How telling is it that Eugene O’Neill self-censored himself to the point of demanding that this patently autobiographical family-therapy session be suppressed for a quarter-century after his death? (His widow didn’t comply.) Almost no one comes off well here: not Mary Tyrone (here a fluttery yet steel-edged Lesley Manville) in her unsubtle attempts to undermine her two sons’ allegiance to their father – a shaky bond to begin with – nor the adult “boys” themselves, the younger (clearly the authorial voice) a consumptive dreamer, the other a dedicated degenerate at 33.
Oddly enough in this starry Old Vic transfer, James Tyrone, Sr. (the irrepressibly suave and elegant Jeremy Irons) comes off as the relative saint among the bunch. So the old man is a bit tightfisted (lighting designer Peter Mumford works wonders with the single light bulb that the old skinflint insists on). An actor’s finances are never secure; besides which, Tyrone’s act-four précis of his Dickensian childhood is excuse enough.
Mary, while self-apotheosizing as a woulda-coulda-been saint, is a character seemingly designed to irritate. Certainly her drugged-out, witching-hour auto-canonization, in the wrong hands, can prove more nauseating than touching. (Trigger warning for anyone who has ever sat through the novena of excuses slurred by the opiate- or alcohol-impaired.)
Manville somehow manages to maintain Mary’s grip on our sympathies. Maybe it’s the way director Richard Eyre has her gravitate to a certain spot mid-stage right, where she gazes, gimlet-eyed, out into the audience. Mary appears to know exactly what she’s up to. It’s her family who seem willfully blind. Again and again, they allude to her using – only to allow her to deflect. It’s not until deep into the play that they’ll acknowledge the obvious (with a bit of dated slang): She’s a “dope fiend.”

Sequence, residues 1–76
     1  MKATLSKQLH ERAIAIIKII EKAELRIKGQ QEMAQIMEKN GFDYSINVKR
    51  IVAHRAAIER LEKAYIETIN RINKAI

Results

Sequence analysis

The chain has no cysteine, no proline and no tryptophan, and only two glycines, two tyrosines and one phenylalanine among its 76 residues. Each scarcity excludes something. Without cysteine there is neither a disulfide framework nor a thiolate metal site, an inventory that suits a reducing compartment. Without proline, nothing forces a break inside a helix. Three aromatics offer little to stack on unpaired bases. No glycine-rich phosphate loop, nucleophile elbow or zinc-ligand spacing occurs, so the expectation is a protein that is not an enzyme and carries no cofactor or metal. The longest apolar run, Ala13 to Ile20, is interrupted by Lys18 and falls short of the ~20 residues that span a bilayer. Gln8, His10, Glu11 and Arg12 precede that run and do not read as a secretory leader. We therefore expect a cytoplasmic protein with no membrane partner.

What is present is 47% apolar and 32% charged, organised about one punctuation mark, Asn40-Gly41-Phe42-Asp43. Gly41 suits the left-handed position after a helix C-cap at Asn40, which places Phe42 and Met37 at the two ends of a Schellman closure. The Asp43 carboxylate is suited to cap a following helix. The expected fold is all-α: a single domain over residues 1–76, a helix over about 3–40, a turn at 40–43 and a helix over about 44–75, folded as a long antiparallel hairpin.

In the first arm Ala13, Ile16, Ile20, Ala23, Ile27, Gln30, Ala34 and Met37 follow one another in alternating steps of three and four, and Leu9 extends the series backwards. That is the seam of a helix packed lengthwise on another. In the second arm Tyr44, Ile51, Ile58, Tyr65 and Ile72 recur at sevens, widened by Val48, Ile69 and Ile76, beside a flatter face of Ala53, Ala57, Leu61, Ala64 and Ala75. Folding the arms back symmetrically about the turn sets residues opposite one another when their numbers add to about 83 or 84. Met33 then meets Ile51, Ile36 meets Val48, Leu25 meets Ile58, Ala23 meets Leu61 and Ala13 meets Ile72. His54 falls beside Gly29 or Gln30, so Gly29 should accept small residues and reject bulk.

But a highly energized one! You can’t help wondering what cocktail Mary is on – maybe speedballs, rather than mere drugstore morphine? Whatever the source, Mary’s headlong descent into ultimate dopiness makes for a much speedier first half. It’s not until act four, when – in her absence – we’re reduced to the bloviating boys (father included), that the pace lags.
Whatever the faults of this logorrheic play (O’Neill seemed never content until he’d beaten his chosen thesis to death), this crack production yields moments of emotion and conjecture definitely worth our ongoing attention.